Long Grain Rice. Near Term, Price Resumes Bullish Path. August 30, 2019 November futures close $11.96 per cwt. or $5.38 per bushel. Acreage, yield, and production remain unknowns and supportive of price, Charts B18 to B20.

Corn. Larger Price Trend Remains Bearish. Corn closed the week of August 26, 2019 at $3.70 per bushel, up 2 cents per bushel for the week or up 0.54 percent. Expect more price weakness than strength until fundamentals are more supportive of higher prices. If corn ends the week of September 2, 2019 above $3.78 per bushel, I will consider a near-term bottom possibly in place, Charts B14 to B17.

Wheat. Near-Term Price Trend Remains Down. Wheat closed the week of August 26, 2019 at $4.63 per bushel, down 15.25 cents on the week or down 3.19 percent. Wheat prices need to end the week of September 2, 2019 above key resistance of $5.08 per bushel for me to favor additional price strength, Charts B25 to B28.

Cotton. Price weakness remains problematic. The August 30, 2019 close 58.83 cents per pound, up 0.62 cents on the week or 1.07 percent. Cotton prices need to end the week of September 2, 2019 holding above 55 cents per pound or serious price weakness could emerge, Charts B21 to B24.

Interest Rates. 10-Year U.S. Treasury Yield: August 30, 2019 close 1.50, down .02 on the week or down 1.32 percent, Charts A1 to A4. We see little support for the 10-Year Treasury Yield until the previous low made in 2016 is reached at 1.37, and, given time, further downside to 1.00 or lower now becomes a real possibility. The November 2018 high was 3.24 percent.

U.S. Dollar Index. The U.S. Dollar Index increased 1.36 percent the week of August 26, 2019, up 1.33 to close at 98.86. Dollar Bulls see global money flow into the U.S. increasing as a safe heaven. Dollar Bears are anticipating lowering of the Fed Rate at the September Federal Reserve FOMC meeting and providing the dollar with some potential weakness, Charts A5 to A8.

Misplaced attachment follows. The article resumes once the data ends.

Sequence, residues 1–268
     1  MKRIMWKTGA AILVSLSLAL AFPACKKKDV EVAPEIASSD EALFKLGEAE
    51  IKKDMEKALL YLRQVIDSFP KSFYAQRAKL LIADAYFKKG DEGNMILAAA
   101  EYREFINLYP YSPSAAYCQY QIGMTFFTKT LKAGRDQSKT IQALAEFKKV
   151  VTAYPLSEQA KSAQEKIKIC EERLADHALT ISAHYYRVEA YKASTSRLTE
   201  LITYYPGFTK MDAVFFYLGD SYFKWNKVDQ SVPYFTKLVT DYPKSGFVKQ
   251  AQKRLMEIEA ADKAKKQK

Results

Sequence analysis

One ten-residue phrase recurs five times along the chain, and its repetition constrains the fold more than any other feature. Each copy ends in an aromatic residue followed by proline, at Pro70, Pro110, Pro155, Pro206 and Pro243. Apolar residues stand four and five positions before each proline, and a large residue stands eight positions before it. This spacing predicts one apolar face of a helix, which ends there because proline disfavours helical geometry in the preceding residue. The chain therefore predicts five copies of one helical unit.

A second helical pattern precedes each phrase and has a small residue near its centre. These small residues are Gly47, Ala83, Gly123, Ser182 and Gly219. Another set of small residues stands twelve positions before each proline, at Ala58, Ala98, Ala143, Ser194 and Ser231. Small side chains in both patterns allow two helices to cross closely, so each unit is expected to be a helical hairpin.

Much of the world’s debt is dominated in dollars, especially frontier countries and emerging markets. Thus, a lower dollar is supportive of U.S. economic activity and global economies in general. A lower dollar may also be supportive of a number of building global asset bubbles.

$WTIC Light Crude Oil. Prices Trading in a Range. August 30, 2019 close $55.10 per barrel, up $0.93 per barrel or up 1.72 percent for the week. Present near-term trading range $52.03 to $58.12 per barrel, Charts B6 to B9.

Geopolitical uncertainties, political dynamics, coupled with possible supply disruptions, make this market unpredictable for the world’s most talented analysts, so, be highly respectful of price action. Do not try to outthink this market, just follow the price action.

$CRB Index. Sideways with Downside Bias. August 30, 2019 close 170.36, down 1.75 on the week or down 1.04%. This index needs to close above 183 to regain a bullish bias. The index remains extremely weak.   

Why is the &CRB Index Weak? First, global deflationary forces are limiting global growth and demand for commodities; second, many of the world’s commodities remain surplus burdened; third, the ongoing US-Global Fiscal, Monetary, and Trade Policy realignment is presently limiting commodity demand. Therefore, limitations remain to this index’s near-term upside, unless oil prices regain an upward advance, Charts B1 to B5.

No Crystal Ball

Since no one has a crystal ball or knows the future, always consult an investment professional or professionals before making investment decisions. The world’s most talented speculators, investors and money managers are challenged by today’s global business environment.  

Source: Bobby Coats is an economist with the Arkansas Department of Agriculture. E-mail: [email protected] and is solely responsible for the information provided and is wholly owned by the source. Informa Business Media and all its subsidiaries are not responsible for any of the content contained in this information asset.

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About the Author(s)

Dr. Bobby Coats

Economist, Arkansas Department of Agriculture